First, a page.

You’ll soon learn that, if an idea is big enough, it will naturally involve the whole company, and this fact will help legitimize the 5x5 model as a way of testing the hypothesis and creating innovation.
This is the kind of big, innovative idea the beauty company Avon had when it suggested turning its customers into salespeople. Getting customers to sell their product was such an enormous strategic shift that it naturally involved every department, from HR to Marketing, to come together and turn the hypothesis into a reality.
The Innovator’s Hypothesis Key Idea #5: Future users of the 5x5 model will be assisted with automated recommendations and hypotheses.
On any given weekend, you might be feeling lazy enough to binge watch a series on Netflix. And there’s a good chance it might be a series that was recommended to you by Netflix based on a similar series you had enjoyed before.
Well, as it turns out, the future of innovation will be just like that: binge experimenting based on binge hypotheses.
Not too long from now, business experiments will be suggested to 5x5 teams by intelligent recommendation engines.
Just like Netflix, companies like Amazon and Spotify also help customers by recommending items and products that match their user profile or previous shopping, watching or listening decisions.
This same idea can be applied to business experiments and the hypotheses that get them going. But rather than getting recommendations for new songs or movies, 5x5 teams will get recommendations for what hypothesis to test next.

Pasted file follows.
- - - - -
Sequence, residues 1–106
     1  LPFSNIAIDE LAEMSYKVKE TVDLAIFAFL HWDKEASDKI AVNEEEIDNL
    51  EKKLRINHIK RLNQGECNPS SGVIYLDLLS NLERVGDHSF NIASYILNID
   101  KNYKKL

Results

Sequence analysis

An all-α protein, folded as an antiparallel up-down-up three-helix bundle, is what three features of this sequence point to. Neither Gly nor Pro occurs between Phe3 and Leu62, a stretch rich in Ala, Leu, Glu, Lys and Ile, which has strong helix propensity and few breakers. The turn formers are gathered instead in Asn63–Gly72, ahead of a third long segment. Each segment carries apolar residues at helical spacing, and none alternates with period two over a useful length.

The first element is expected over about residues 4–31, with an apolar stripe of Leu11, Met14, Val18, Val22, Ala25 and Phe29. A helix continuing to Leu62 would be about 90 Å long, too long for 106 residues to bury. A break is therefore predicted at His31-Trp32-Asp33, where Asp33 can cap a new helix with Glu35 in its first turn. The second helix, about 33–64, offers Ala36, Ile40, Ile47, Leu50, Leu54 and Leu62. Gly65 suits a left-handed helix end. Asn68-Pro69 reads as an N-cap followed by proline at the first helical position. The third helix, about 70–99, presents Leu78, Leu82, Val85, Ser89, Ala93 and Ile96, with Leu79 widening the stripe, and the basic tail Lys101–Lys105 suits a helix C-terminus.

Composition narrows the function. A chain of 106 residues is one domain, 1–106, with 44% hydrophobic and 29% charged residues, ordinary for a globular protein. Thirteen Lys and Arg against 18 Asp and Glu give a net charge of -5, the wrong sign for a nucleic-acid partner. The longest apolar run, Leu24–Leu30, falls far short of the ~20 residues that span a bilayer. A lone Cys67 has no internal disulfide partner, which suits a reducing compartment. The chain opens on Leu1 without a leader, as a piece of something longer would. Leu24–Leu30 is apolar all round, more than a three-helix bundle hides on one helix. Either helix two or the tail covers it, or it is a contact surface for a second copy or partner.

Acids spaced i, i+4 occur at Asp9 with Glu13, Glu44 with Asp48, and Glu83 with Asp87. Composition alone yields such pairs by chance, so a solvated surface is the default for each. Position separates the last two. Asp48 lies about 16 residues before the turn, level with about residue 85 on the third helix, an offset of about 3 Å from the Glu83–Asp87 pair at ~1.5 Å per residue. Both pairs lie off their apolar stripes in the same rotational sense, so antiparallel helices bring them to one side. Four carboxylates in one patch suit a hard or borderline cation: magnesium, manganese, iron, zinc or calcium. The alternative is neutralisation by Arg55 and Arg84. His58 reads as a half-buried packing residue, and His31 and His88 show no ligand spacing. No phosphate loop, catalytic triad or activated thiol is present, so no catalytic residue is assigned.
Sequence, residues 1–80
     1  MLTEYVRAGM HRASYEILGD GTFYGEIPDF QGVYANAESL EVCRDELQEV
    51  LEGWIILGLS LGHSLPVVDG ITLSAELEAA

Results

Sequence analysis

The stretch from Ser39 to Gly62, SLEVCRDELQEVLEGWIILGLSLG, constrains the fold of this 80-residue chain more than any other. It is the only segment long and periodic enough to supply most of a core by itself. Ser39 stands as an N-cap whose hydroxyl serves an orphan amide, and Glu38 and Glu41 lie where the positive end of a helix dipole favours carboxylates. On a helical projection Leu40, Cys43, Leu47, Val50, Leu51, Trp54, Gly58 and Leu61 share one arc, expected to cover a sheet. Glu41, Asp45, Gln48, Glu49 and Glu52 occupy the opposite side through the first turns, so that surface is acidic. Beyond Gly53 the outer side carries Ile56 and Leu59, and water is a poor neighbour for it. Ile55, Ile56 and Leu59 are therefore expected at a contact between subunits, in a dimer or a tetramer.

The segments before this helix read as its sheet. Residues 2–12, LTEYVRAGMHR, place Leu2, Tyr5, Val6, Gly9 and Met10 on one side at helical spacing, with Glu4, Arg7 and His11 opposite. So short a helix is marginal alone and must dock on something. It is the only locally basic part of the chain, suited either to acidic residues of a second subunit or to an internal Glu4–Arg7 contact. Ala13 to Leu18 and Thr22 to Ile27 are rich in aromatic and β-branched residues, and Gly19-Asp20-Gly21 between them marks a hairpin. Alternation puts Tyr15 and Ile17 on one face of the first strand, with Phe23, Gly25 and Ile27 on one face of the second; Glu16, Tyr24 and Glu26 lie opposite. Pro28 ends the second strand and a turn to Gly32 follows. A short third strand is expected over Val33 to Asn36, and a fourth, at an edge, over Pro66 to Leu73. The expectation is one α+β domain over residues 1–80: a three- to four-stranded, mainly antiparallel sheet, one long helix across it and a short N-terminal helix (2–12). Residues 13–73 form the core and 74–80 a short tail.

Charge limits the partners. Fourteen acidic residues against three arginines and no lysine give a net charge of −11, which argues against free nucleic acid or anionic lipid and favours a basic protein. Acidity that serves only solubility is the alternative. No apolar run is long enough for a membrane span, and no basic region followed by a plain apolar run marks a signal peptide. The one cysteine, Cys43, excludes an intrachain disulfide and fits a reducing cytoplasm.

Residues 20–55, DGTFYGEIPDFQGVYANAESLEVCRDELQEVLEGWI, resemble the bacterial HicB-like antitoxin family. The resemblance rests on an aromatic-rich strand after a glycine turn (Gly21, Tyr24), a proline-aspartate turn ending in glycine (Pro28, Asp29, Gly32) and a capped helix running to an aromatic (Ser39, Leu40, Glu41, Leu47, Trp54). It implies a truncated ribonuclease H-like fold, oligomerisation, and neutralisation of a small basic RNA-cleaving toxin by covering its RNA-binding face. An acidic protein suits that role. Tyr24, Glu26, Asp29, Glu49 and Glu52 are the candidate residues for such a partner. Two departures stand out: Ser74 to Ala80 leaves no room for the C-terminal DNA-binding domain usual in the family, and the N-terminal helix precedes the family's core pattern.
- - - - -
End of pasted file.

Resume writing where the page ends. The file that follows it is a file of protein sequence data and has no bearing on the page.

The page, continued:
For example, the engine might say, “Account managers who tested this hypothesis also tested…” or, “Marketing designers who tested this hypothesis also tested…”
Even better, all of this will happen automatically through artificial intelligence (AI).
And this engine won’t just use information collected from human behavior, like current recommendation systems; it will be fully automated artificial intelligence.
It might sound far out, but people are actually using this technology right now.
The sciences are already employing AI to design experiments that are later published in major scientific journals. Just take Adam from the United Kingdom. Adam is a fully automated robot that generates scientific hypotheses and experiments regarding the genome of baker’s yeast.
This is the same technology that will one day be applied to business experiments. Humans will still be the main factor in these experiments, but the teams will have AI to support them and help them come up with the next hypothesis that will lead to world-changing innovation.
In Review: The Innovator’s Hypothesis Book Summary
The key message in this book:
Business experiments are a cheap, quick and simple way to generate smarter, better, safer and more scalable innovation that will benefit companies and their customers’ future.
Don’t forget to act.
As the great economist Joseph Schumpeter said, “Innovation is less an act of intellect than an act of will.” Think about a business hypothesis but don’t stop at the idea of the hypothesis. Carry it out. Go to the store, buy what you need to make it – and then make it happen!